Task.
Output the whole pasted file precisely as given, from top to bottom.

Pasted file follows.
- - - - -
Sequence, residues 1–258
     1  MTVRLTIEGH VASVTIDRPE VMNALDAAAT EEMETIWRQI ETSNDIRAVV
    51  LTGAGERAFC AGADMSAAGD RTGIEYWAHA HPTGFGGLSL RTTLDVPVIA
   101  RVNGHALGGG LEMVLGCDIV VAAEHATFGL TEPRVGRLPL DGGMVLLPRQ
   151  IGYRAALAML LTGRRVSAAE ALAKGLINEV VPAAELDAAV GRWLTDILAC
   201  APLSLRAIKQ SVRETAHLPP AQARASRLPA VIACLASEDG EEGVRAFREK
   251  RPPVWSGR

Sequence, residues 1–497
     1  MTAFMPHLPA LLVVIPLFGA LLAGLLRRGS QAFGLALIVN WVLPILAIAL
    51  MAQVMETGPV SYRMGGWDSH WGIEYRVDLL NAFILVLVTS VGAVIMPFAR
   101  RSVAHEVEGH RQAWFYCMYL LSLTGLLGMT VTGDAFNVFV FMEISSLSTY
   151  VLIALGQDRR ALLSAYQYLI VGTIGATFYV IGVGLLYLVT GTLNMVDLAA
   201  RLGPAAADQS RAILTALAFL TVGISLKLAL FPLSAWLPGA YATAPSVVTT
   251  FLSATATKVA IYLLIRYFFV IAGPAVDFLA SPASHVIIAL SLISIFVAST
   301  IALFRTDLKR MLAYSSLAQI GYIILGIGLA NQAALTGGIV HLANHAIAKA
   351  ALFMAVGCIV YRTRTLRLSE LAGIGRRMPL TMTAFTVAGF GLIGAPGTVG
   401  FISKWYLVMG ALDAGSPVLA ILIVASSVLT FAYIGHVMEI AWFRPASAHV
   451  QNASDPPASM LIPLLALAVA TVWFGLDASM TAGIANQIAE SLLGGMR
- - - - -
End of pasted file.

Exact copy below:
Sequence, residues 1–258
     1  MTVRLTIEGH VASVTIDRPE VMNALDAAAT EEMETIWRQI ETSNDIRAVV
    51  LTGAGERAFC AGADMSAAGD RTGIEYWAHA HPTGFGGLSL RTTLDVPVIA
   101  RVNGHALGGG LEMVLGCDIV VAAEHATFGL TEPRVGRLPL DGGMVLLPRQ
   151  IGYRAALAML LTGRRVSAAE ALAKGLINEV VPAAELDAAV GRWLTDILAC
   201  APLSLRAIKQ SVRETAHLPP AQARASRLPA VIACLASEDG EEGVRAFREK
   251  RPPVWSGR

Sequence, residues 1–497
     1  MTAFMPHLPA LLVVIPLFGA LLAGLLRRGS QAFGLALIVN WVLPILAIAL
    51  MAQVMETGPV SYRMGGWDSH WGIEYRVDLL NAFILVLVTS VGAVIMPFAR
   101  RSVAHEVEGH RQAWFYCMYL LSLTGLLGMT VTGDAFNVFV FMEISSLSTY
   151  VLIALGQDRR ALLSAYQYLI VGTIGATFYV IGVGLLYLVT GTLNMVDLAA
   201  RLGPAAADQS RAILTALAFL TVGISLKLAL FPLSAWLPGA YATAPSVVTT
   251  FLSATATKVA IYLLIRYFFV IAGPAVDFLA SPASHVIIAL SLISIFVAST
   301  IALFRTDLKR MLAYSSLAQI GYIILGIGLA NQAALTGGIV HLANHAIAKA
   351  ALFMAVGCIV YRTRTLRLSE LAGIGRRMPL TMTAFTVAGF GLIGAPGTVG
   401  FISKWYLVMG ALDAGSPVLA ILIVASSVLT FAYIGHVMEI AWFRPASAHV
   451  QNASDPPASM LIPLLALAVA TVWFGLDASM TAGIANQIAE SLLGGMR